Background: The prescription of exercise as a conservative treatment for lumbar pain is frequent and seems effective for the chronic cases of nonspecific low back pain. However, there is no evidence favoring one type of exercise over another. Often, exercise programs are prescribed without adequate evaluation of the individual characteristics like posture, muscular force, and extensibility. Patients with totally different causes of low back pain will often be given the same type of exercises.
Objective: Our objective was to compare the effectiveness of 2 home exercise programs in decreasing disability and pain related to subacute and chronic nonspecific low back pain. To do so we compared a specific (individualized) exercise program with a program of commonly prescribed exercises for low back pain.
Method: In a control group study, 20 patients with chronic or subacute nonspecific low back pain participated after giving their informed consent. All subjects were evaluated (physical evaluation of lumbar and pelvic muscles  force and  extensibility,  trunk range of motion) and then divided in 2 groups: 10 patients received specific exercises (experimental group) based on their evaluation, and 10 patients received a commonly prescribed exercise program for low back pain (control group). Six weeks later a second physical evaluation was conducted. Pain (visual analog pain scale) and disability (modified Oswestry) questionnaires were also completed by each subject at both evaluations.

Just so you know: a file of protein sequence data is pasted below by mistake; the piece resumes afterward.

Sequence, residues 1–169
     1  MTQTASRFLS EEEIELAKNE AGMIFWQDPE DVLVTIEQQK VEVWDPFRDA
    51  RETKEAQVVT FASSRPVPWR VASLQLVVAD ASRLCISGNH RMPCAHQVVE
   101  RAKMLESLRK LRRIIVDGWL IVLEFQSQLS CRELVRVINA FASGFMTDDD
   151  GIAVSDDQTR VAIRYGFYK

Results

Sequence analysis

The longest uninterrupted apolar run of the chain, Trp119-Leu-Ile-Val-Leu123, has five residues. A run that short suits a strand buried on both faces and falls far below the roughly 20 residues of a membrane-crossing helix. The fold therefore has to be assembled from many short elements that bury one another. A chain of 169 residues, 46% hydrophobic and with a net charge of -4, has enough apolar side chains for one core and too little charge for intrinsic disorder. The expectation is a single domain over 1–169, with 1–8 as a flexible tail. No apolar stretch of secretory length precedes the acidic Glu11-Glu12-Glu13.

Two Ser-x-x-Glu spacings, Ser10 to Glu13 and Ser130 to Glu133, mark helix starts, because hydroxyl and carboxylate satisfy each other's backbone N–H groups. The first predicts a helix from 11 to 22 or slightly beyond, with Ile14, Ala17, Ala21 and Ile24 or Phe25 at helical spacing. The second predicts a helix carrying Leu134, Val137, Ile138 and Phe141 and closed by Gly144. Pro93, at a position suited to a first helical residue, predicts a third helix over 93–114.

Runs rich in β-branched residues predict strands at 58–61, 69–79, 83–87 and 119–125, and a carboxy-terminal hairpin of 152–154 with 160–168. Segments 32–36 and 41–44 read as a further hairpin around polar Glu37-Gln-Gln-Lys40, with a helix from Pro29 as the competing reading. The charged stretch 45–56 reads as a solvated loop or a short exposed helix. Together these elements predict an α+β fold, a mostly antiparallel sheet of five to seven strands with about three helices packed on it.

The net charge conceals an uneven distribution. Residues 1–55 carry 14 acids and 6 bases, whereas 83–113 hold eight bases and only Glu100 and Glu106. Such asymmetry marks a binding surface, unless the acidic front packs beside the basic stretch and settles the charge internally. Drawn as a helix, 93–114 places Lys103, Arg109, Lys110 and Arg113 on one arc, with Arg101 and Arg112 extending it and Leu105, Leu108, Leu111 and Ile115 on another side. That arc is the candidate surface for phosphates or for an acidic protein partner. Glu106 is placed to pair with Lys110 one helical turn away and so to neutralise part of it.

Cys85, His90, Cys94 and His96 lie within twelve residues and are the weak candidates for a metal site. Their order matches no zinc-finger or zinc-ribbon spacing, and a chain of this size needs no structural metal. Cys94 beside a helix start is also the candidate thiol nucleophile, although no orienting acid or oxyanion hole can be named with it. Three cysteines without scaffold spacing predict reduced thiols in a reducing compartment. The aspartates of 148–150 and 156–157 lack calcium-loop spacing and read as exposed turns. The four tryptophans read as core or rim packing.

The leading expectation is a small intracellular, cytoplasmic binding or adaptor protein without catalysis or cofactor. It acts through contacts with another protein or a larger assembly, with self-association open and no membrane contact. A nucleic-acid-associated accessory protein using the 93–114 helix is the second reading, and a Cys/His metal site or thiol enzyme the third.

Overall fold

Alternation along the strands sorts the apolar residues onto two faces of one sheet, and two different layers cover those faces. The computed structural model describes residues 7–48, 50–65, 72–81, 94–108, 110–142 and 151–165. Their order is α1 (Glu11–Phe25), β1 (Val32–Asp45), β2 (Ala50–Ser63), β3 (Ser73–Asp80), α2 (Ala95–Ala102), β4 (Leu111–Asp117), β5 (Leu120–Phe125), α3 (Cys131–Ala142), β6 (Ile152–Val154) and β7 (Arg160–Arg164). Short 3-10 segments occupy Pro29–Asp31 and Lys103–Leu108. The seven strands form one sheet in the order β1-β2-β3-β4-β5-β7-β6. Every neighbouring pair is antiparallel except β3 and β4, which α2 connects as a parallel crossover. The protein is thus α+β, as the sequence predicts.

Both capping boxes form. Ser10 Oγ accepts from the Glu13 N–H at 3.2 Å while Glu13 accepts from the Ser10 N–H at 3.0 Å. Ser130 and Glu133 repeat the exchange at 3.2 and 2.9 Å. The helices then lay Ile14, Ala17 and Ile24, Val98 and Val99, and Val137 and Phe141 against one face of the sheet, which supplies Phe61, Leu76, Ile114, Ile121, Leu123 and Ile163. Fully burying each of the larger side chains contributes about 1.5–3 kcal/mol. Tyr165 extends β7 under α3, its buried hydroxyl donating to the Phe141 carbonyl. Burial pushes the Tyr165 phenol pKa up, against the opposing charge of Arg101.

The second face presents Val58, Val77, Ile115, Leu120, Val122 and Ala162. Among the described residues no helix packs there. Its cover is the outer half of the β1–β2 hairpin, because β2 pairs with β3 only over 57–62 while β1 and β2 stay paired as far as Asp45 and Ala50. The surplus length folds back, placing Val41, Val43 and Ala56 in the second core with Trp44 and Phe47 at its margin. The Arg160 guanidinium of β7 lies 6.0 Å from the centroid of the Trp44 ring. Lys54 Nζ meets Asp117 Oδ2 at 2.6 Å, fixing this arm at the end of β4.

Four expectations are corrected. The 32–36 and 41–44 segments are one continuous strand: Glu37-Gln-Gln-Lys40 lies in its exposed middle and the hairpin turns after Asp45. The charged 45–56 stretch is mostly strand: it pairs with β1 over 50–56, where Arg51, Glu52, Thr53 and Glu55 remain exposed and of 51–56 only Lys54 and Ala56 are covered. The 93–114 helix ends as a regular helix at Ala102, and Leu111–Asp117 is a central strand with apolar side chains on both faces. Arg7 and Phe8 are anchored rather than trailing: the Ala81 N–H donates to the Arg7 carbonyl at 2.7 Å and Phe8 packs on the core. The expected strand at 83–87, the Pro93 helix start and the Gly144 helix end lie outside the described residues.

Design: This was a randomized experimental study.
Results: Both groups had similar age, weight, and sex characteristics. The experimental group showed significant improvements for some components targeted by the program. The control group significantly had improvement of some physical characteristics not related to their initial deficits. Even if both groups showed some improvements in muscular force and extensibility, only the members of the group who received specific exercises significantly reduced their level of pain and disability. Both groups showed a similar rate of participation in the program.
Conclusion: The results of this study suggest that applying a specific physical evaluation and exercise prescription is an appropriate treatment for people having subacute or chronic nonspecific pain. Thus clinicians should prescribe exercise programs based on individual muscular deficits rather than most commonly prescribed exercise programs.